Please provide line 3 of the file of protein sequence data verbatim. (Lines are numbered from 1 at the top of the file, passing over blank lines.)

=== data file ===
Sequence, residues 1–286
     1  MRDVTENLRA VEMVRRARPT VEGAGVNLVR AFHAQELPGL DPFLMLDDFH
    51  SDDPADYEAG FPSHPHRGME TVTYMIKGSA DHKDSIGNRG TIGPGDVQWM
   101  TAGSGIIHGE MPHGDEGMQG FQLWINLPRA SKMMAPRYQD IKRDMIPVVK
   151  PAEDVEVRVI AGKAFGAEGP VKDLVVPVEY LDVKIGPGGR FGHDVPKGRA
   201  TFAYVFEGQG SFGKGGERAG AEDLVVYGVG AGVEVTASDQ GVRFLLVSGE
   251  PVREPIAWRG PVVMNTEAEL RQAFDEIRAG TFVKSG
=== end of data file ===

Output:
    51  SDDPADYEAG FPSHPHRGME TVTYMIKGSA DHKDSIGNRG TIGPGDVQWM